A virtual shopping mall offering products from 200 to 300 outlets is the latest angle being pursued by Ricky Wong Wai-kay to achieve his mobile television dream, which has stalled due to legal complications.
The chairman of Hong Kong Television Network said the company plans to roll out a 24-hour shopping channel, offering an alternative for shoppers weary of crowds and chain stores.
"There is such a business opportunity in Hong Kong … there aren't any large-scale virtual shopping platforms offering a wide range of products that are of guaranteed quality," Wong said, adding that he rejected the belief that shopping through television or the internet was doomed to fail in a city that markets itself as a shoppers' paradise.
Should his wider plan to launch a mobile television service move forward, Wong said he plans to run as many as five channels, including one in Cantonese, a news channel and the 24-hour shopping channel.
The Broadcasting Ordinance states that free television stations cannot devote more than 10 minutes of each hour to advertising between 5pm and 11pm, while advertising time outside of that period cannot exceed 18 per cent of the total broadcast time.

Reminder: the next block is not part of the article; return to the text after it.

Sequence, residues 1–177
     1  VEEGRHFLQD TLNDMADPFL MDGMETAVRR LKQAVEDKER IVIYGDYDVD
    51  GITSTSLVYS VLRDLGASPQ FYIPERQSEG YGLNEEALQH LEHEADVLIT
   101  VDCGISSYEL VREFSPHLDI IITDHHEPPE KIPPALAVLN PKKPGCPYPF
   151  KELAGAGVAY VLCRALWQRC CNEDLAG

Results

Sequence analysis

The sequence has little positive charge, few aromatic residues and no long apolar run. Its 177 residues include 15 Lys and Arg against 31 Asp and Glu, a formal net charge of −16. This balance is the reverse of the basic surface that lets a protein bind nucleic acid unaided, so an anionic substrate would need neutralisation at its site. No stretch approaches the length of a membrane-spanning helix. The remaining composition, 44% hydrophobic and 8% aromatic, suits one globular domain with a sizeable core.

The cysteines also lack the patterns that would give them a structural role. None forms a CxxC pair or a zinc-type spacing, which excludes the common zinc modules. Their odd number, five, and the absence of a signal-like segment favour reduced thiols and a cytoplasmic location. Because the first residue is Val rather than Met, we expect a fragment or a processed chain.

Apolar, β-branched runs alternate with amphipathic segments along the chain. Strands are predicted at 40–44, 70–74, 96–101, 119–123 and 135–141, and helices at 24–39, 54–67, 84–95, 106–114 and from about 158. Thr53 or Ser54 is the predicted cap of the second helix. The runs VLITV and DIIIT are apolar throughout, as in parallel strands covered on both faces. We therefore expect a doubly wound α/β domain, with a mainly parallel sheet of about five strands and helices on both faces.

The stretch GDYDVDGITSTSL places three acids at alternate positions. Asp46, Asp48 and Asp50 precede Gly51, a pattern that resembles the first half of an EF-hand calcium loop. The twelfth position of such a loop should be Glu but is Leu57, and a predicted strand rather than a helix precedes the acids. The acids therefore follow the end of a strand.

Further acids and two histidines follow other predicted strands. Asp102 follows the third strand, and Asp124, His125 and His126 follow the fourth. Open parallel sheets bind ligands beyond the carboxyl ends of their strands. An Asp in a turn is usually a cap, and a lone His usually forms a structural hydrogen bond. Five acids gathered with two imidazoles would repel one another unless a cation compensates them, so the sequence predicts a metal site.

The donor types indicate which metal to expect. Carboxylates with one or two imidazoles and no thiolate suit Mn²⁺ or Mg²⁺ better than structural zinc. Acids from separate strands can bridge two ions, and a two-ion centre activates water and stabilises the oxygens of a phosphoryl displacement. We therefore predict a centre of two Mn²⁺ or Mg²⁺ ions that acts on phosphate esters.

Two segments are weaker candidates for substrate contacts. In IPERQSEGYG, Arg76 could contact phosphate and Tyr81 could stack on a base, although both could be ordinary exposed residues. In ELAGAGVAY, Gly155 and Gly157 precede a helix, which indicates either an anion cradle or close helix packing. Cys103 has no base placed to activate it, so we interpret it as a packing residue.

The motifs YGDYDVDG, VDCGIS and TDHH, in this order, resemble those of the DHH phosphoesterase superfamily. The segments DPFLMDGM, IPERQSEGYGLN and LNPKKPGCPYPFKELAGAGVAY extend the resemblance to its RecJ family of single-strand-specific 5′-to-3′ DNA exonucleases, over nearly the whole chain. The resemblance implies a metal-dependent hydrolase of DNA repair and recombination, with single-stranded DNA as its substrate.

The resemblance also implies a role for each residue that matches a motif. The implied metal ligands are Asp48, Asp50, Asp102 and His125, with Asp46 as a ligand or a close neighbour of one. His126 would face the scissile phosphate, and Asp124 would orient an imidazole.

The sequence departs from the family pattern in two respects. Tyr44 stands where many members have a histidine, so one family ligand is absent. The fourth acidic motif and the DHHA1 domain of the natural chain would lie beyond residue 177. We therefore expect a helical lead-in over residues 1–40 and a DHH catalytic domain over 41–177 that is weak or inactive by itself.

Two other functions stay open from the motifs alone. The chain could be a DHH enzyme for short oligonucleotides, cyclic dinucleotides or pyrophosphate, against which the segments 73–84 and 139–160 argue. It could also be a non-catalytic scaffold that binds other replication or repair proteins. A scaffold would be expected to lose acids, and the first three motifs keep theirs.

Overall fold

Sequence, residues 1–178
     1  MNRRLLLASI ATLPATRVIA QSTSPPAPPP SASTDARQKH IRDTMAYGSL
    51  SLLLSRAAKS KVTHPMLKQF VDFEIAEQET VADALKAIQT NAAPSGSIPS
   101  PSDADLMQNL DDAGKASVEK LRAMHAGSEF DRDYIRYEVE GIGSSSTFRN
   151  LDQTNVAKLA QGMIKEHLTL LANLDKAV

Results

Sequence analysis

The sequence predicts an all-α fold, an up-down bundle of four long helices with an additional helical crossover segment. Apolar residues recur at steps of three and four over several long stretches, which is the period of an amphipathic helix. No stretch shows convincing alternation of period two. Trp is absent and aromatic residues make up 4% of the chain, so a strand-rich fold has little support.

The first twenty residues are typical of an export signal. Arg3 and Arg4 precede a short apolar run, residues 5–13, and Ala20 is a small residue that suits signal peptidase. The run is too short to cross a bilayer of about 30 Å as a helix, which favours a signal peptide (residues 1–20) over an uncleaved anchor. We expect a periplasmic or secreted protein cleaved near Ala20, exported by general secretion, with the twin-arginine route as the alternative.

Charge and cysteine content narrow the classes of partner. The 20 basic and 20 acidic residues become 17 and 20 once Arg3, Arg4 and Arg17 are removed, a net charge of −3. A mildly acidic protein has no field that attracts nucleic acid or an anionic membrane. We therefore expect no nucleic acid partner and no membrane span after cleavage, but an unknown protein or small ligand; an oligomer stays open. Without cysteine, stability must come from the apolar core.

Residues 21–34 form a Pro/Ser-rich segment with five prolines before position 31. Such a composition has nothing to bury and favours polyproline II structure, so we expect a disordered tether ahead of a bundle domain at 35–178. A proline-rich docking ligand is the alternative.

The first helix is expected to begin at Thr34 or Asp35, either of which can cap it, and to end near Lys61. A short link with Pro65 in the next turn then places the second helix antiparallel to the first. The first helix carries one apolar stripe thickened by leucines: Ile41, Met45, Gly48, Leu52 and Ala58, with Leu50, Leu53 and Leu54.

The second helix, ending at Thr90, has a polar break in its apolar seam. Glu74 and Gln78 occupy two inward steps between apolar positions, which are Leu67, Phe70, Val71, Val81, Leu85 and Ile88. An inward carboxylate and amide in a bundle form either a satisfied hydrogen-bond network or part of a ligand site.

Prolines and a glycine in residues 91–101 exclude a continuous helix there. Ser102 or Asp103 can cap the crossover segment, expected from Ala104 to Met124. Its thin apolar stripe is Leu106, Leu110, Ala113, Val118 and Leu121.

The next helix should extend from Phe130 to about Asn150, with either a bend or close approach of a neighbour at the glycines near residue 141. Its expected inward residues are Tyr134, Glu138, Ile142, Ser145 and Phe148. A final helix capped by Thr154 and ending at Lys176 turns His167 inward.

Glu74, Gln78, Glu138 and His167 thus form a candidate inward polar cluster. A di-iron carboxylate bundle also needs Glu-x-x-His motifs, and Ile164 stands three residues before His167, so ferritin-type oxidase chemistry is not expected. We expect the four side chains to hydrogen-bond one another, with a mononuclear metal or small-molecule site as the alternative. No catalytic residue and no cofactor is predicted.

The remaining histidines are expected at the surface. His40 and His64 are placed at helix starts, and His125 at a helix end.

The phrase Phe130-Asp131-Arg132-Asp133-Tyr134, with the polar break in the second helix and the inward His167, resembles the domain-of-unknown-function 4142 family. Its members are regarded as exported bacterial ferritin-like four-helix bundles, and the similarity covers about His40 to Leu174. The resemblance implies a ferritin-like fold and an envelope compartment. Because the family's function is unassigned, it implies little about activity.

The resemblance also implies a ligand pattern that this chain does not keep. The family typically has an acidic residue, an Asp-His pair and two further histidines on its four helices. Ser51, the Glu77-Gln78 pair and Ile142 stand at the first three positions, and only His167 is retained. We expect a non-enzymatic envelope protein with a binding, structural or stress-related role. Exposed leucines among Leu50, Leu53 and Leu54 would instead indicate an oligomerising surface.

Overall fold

But mobile television is not subject to these advertising restrictions. "We can run a 24-hour shopping channel. It's something that neither TVB nor ATV could do," Wong said.
Two weeks ago, HKTV applied for a free-to-air television licence again, with a total projected investment of HK$3.4 billion over six years - six times more than the investment outlined in its original application from four years ago. The number of planned channels has been scaled back from 12 to three.
Wong rejected suggestions that the increased investment was to address problems with the original application that was rejected by the government in October. "We still don't know why we failed," he said, adding that the 24-hour mobile-television shopping channel would not affect the latest free-to-air licence application.
Wong also denied rumours of a future tie-up between HKTV and ATV.
Wong said shops in the city have become homogenised, largely due to high rents, and increasingly cater to mainland shoppers. Busy Hongkongers were looking for an online solution. "When people shop, they are looking for a delightful experience. But is shopping at malls still pleasant?" he asked.
Wong said he has been in talks with a number of retailers, and that the service planned to focus on selling "middle- to upper-class goods" rather than fastselling items such as shampoo and toilet paper.
Whether the project stands a chance depends on the judicial review that HKTV filed on April 11. The company asked the court to clarify the definition of mobile television in light of its disputes with the Office of the Communications Authority.
Ofca had warned that HKTV could breach the Broadcasting Ordinance if its mobile-television signal could be received by ordinary televisions. HKTV argued that mobile-television licences are issued under the Telecommunications Ordinance, not the Broadcasting Ordinance.
HKTV also asked Ofca to clarify if it would approve the mobile licence bid if HKTV used a different transmission standard to the one used by ATV and TVB. Ofca said it would not make such a clarification while the judicial review is taking place.